However Turing supporters ask is a pardon right, for crimes comitted under an “awful” law?
An online e-petition has been created which is urging the Government to issue an official pardon to Alan Turing, one of a number of genius codebreakers of the Second World War, for his conviction of ‘gross indecency.’
Turing also laid the foundations of computer science by thinking up a theoretical computer called the Turing Machine and also helped create the world’s first modern computer, the Manchester Small-Scale Experimental Machine.
As a result of this conviction Turing was forced to choose between prison or chemical castration by taking female hormones. He chose the latter.
Two years later, at the age of 41 years old, Turing took his own life.
“Alan Turing was driven to a terrible despair and early death by the nation he’d done so much to save,” said the e-petition. “This remains a shame on the UK government and UK history. A pardon can go some way to healing this damage. It may act as an apology to many of the other gay men, not as well known as Alan Turing, who were subjected to these laws.”
As of 5.30pm Wednesday, 9,647 people had signed the e-petition. If the petition, which is set to run until November 2012, is signed by 100,000 people it automatically becomes eligible for discussion in the House of Commons.
This is not the first time that people have been petitioned on behalf of Alan Turing. In 2009 a petition on the Number10.gov.uk website was signed by thousands of people, which called for a posthumous government apology to Turing.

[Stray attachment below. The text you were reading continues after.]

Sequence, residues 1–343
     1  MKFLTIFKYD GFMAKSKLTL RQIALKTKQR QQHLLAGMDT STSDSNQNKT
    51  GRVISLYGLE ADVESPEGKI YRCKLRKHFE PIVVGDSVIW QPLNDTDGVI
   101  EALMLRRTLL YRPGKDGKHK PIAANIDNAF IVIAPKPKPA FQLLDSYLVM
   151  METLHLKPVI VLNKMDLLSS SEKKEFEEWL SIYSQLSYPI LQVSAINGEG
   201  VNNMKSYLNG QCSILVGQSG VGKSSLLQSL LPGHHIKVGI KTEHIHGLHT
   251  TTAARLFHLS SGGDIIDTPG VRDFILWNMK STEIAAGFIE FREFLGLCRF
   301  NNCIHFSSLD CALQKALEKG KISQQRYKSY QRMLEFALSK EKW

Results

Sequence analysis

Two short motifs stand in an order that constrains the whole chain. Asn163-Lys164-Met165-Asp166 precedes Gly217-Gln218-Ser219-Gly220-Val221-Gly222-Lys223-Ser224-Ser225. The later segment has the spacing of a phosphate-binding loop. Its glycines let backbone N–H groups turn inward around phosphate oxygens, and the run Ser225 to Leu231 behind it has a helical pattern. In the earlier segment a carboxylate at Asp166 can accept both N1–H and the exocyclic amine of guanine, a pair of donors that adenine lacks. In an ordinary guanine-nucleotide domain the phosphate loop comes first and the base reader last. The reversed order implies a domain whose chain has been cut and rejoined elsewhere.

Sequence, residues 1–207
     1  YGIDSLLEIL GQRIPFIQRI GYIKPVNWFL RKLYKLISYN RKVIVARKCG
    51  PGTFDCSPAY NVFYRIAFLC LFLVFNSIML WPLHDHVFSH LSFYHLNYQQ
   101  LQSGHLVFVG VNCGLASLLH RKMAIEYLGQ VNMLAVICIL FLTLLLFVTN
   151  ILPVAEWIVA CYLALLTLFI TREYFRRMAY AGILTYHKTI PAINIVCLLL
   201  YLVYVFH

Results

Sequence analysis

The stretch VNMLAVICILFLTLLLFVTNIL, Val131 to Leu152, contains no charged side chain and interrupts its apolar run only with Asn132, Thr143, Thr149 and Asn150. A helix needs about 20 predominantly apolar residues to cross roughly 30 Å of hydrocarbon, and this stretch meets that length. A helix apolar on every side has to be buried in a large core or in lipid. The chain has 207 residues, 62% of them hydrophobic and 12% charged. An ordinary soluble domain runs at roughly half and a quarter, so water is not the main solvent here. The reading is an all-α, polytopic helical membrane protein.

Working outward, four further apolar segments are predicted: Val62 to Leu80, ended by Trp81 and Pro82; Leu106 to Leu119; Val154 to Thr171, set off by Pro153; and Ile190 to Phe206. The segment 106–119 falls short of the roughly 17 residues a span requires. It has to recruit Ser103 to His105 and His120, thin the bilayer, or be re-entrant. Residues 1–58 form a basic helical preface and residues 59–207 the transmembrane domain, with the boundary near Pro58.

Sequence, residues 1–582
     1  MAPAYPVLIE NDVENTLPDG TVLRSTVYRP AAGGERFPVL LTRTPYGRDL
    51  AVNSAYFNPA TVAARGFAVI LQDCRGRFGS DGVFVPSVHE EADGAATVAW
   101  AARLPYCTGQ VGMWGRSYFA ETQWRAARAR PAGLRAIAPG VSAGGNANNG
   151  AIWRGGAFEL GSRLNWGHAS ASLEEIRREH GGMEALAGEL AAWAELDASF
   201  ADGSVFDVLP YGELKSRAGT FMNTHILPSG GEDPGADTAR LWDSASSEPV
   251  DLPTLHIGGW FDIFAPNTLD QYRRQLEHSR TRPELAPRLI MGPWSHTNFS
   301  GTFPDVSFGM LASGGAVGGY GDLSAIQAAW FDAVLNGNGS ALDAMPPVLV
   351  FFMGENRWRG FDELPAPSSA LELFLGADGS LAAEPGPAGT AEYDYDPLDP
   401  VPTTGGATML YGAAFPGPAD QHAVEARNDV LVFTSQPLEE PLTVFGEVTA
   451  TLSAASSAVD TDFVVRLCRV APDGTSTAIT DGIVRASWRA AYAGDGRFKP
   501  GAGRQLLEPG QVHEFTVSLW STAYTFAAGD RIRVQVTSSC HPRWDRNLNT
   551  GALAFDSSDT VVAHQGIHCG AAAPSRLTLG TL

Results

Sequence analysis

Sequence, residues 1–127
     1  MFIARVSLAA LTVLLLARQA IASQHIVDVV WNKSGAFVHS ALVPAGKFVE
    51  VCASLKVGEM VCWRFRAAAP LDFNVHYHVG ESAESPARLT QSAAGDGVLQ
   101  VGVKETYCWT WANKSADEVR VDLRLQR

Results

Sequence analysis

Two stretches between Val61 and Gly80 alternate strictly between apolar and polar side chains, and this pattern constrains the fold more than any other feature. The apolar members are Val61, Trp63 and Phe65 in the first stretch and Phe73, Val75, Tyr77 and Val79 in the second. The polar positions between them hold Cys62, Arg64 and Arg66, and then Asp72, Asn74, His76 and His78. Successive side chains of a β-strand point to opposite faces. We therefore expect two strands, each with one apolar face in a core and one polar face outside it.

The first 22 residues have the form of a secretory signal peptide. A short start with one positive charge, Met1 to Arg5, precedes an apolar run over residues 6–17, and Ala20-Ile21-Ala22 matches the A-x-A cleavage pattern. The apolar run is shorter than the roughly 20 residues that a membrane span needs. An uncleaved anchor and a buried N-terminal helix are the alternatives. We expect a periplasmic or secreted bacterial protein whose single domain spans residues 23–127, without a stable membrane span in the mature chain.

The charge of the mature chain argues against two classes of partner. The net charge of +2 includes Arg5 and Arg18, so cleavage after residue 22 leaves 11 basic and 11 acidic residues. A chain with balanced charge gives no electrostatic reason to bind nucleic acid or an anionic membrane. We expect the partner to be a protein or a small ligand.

The then prime minister Gordon Brown acknowledged the petition and released a statement apologising and describing Turing’s treatment as “appalling”.
But it seems that the man who was behind the original Alan Turing petition back in 2009, is not actually backing this new petition.
According to a blog posting of John Graham-Cumming, a British computer scientist, the reasons for not supporting this new petition calling for a pardon, is that Turing willingly broke what he calls an “awful” law.
“In Turing’s case there’s really no argument that he simply broke the law,” wrote Graham-Cumming. “There aren’t any circumstances that change that. The law itself was awful (hence my campaign), but it’s not clear to me that a pardon is appropriate.”
“Secondly, even if a pardon is appropriate, a pardon for simply Turing would be unjust to the other gay men who suffered under the law,” he added. “There were many, many others. And there are men alive today living in Britain with a criminal record because of offences committed during the time the laws were in force. I could get behind a petition for a pardon for all those people, especially since living people are still hurt by that law, but not just for Turing. Pardoning him doesn’t help the living.”
Graham-Cumming also pointed out that a pardon is not actually necessary, because subsequent to the 2009 apology campaign the UK government introduced legislation that actually “does roll back the criminal convictions of gay men.”
“The Protection of Freedoms bill has already passed all stages in the House of Commons, two readings in the House of Lords and enters (this coming Monday) committee stage. That means it’s close to being law,” he wrote.
“So, while I’m sure the current campaign is a heartfelt attempt to express utter outrage at what happened to Alan Turing, I can’t support it,” Graham-Cumming wrote.